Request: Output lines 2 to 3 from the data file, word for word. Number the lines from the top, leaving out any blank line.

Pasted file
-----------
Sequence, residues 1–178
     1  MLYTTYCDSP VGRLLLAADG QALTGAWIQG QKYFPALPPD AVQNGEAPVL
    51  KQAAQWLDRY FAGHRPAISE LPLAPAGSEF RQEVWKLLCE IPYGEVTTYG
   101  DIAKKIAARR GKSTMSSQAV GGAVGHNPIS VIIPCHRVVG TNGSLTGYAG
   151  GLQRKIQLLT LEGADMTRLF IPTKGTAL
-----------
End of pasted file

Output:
     1  MLYTTYCDSP VGRLLLAADG QALTGAWIQG QKYFPALPPD AVQNGEAPVL
    51  KQAAQWLDRY FAGHRPAISE LPLAPAGSEF RQEVWKLLCE IPYGEVTTYG